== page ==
by Anupa Asokan, AMS Education Program
Most of us recognize that the ocean is a driving force behind our weather and climate, but it is so much more than that. Comprising the majority of our planet, this environment was once thought to be limitless and infallible. While much of our hydrosphere remains to be explored, we’re quickly learning how vulnerable this chunk of our planet really is. Issues like ocean acidification and marine debris may pop up in our news feeds every now and then, but our daily activities have significant implications as to the health of this global ecosystem we rely upon for oxygen, food, transportation, and recreation, to name a few.
Working as a marine science educator in an outdoor setting, I was fortunate enough to share my love of this wonderful environment with children from all over the country. For many coming from inner-city schools or midwestern states, this snorkeling adventure would be their first and perhaps only encounter with the ocean. The goal in creating this positive ocean experience wasn’t just a cool story to tell mom and dad back home, but to instill a connection and sense of ownership for this fragile environment. At the AMS Education Program, we might not have the opportunity to put students first-hand into a kelp forest or coral reef, but we do provide teachers with the tools they need to bring the lessons these environments bear directly to the classroom. It seems odd to compare snorkeling through a kelp forest to teaching a teacher the fundamentals of oceanography, but the key here is awareness. Whatever the approach, ocean literacy can be a powerful a tool, because knowing is, after all, half the battle.
In a more global effort to encourage just that, World Oceans Day was born. Sunday, June 8th marked the 12th year of this worldwide ocean celebration. Like Earth Day every April, this annual event is intended to create awareness and hopefully encourage stewardship for the environment. This year, thousands of organizations in 70 countries arranged events to honor the ocean. From beach cleanups to film festivals to paddle-board races, there were opportunities to participate in just about every corner of the globe. For those without a local event, social media offered another avenue to join in with ocean selfies and photo contests. Many events even extend through the entire month of June, and you may also find regularly scheduled events occurring throughout the year. Even if you don’t live near water, there are some simple things we can all do to celebrate and protect the ocean year-round:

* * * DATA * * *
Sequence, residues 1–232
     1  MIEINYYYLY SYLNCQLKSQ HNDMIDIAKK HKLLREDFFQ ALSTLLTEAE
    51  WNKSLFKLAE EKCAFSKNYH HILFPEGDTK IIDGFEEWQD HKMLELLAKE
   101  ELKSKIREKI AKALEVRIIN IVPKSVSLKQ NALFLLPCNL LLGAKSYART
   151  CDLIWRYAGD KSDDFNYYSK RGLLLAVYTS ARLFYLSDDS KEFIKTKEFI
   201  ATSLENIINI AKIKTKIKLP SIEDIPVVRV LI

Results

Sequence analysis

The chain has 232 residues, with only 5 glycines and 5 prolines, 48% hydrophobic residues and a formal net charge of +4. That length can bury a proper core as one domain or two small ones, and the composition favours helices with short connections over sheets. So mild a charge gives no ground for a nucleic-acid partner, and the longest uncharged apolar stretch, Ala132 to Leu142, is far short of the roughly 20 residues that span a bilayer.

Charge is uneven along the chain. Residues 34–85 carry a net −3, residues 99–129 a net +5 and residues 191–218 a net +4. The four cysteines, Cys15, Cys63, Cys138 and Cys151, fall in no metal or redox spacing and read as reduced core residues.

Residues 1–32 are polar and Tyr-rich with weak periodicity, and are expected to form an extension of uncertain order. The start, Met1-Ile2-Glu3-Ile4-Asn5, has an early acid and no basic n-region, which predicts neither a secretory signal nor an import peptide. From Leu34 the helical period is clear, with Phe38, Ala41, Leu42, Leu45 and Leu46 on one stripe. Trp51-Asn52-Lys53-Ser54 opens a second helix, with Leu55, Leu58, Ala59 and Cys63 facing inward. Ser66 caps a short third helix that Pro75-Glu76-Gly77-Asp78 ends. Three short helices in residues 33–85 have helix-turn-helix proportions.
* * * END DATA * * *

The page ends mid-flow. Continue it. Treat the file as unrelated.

- Pick up trash and use less plastic
- Make responsible seafood choices
- Watch what you put down your drain
- Join or volunteer with a conservation organization
As a SCUBA diver, avid snorkeler, and lover of all things ocean, I’ve spent a lot of time enjoying everything that it has to offer. Whether you share my passion or are terrified of the deep blue, live near a coast or are landlocked, none of us lives a life the ocean hasn’t impacted. So let’s all give a little something back to Mama Ocean, not just on June 8th, but perhaps the other 364 days of the year, too.